Victor Hugo is a French poet of the Romantic Movement. He is a writer and as well an activist. His quote on education: “He, who opens a school door, closes a prison” points to a fact; education – which we need not neglect as a nation.
Last week, I saw a news headline which read: “Ondo may discontinue free education”, says Akeredolu, this news rented the headline of the pages of national dailies. This was declared during a two days summit on education which held in the state. Although, four days after this declaration the state governor denies declaring a halt on free education, saying that the communique from the summit was wrongly interpreted.
In as much as the government seek to deny this allegation, an open floor of discussion has been utterly thrown open.
Late Chief Obafemi Awolowo in 1955 started free education in the then Western Region of Nigeria and it is obvious Akeredolu is a product of the effort of the late Yoruba leader and his cohorts – of the Action Group (AG). And then, do we allow this legacy to be faced out?
Of a truth, State Governors might be experiencing a clamp down on resources needed to continue the free education agenda but it is worthy to note that the then initiators of the free education agenda never had it smooth as well; even some of their own personal earnings went to the free education agenda. And today as a result of Obafemi Awolowo’s free education agenda we have the southwestern part of Nigeria as a region which is known for its large number of literate citizens and I do not think the governor would like to change this narrative?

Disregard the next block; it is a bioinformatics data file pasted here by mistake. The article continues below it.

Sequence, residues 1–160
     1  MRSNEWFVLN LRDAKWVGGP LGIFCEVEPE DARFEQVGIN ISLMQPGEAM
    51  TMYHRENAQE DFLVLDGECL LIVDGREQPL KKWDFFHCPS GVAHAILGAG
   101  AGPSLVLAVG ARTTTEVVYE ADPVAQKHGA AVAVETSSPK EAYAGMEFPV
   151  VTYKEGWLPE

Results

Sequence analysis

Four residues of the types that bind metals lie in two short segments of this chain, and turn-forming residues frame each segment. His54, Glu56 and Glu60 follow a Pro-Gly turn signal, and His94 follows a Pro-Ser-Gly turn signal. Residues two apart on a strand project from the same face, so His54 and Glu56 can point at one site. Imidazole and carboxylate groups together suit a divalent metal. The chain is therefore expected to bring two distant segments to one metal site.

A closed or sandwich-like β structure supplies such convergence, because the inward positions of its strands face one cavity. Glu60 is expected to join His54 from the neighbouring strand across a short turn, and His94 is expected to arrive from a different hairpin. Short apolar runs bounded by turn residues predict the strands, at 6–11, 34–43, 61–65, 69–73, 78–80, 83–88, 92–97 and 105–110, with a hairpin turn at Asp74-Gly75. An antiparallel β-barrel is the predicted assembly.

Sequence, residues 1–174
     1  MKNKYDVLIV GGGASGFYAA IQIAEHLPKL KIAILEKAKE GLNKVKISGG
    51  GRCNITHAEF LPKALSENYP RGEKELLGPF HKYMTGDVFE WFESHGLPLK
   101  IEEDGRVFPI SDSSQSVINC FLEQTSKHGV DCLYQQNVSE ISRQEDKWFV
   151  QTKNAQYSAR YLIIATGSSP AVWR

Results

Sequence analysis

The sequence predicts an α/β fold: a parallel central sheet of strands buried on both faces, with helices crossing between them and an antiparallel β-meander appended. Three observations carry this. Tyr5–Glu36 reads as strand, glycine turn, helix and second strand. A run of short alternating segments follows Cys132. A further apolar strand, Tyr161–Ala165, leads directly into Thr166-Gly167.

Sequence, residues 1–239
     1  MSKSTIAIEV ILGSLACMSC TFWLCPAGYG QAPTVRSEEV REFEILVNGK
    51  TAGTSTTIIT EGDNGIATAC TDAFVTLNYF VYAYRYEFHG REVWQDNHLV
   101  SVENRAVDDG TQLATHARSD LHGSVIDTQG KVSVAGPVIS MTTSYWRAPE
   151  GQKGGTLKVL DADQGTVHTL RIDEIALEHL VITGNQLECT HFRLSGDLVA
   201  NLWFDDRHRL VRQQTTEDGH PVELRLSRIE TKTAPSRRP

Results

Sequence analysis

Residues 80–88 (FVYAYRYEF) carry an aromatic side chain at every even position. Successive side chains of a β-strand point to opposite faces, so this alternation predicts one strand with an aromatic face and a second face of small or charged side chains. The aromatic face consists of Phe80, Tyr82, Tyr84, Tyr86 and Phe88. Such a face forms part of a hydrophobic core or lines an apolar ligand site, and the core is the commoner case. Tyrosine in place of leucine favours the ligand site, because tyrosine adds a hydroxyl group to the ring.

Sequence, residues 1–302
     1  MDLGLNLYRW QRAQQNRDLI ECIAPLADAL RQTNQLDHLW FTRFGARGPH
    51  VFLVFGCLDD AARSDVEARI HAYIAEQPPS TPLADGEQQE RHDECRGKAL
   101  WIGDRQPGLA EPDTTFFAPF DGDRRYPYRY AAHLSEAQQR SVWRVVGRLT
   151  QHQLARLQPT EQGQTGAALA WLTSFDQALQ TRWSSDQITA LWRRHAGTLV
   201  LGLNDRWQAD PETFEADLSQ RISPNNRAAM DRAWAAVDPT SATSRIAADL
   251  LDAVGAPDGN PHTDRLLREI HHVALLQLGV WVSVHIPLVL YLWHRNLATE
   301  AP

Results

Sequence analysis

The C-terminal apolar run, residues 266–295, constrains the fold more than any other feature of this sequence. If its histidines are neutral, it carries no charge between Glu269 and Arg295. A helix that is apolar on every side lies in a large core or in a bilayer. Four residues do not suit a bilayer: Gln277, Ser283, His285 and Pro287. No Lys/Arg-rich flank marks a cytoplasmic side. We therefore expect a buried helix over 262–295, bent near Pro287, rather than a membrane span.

Proposing an end to free education is like making open our doors to thieves. Also, the desire of the impoverished parents who would like to send their children up to the secondary school level is probably going to be dashed. An end to free education means the governor wants the state to have an increase in the number of young street hawkers, more children inmates at the juvenile homes and an increase in the number of uneducated children.
If I flip to the other side this quote by Victor Hugo then I will have: “He, who closes a school door, opens the door to the prison” then is this what we plan to do with the lives of our future leaders – a shutdown on literacy?
According to a statistics by UNICEF on education, which is also affirmed by the permanent secretary on Education, Adamu Hussaini, Nigeria has the highest number of out of school children in the world – 10.5million out of school children and also it is the second largest country where young girls between ages 6-11 are uneducated in the world. Recently, the Lagos state released a report stating that 24% of Lagos young girls are exposed to sex at age 18, and this means young girls begin to give birth as early as age 17 or 18 in the state. So comparing these statistics with Ondo State, what would we have as a result?
Closing the school gates means we are opening our future to poverty and if we do not help the vulnerable, how do we help our society to develop and advance?
And if we finally result to no free education, how affordable would school fees be?
The key to sustainable development is education – Primary, Secondary and Tertiary education are major levels of education which are not negligible.
Romantic Movement: This movement originated towards the end of 18th century – which was the age of enlightenment.
Photo Credit: News Nigeria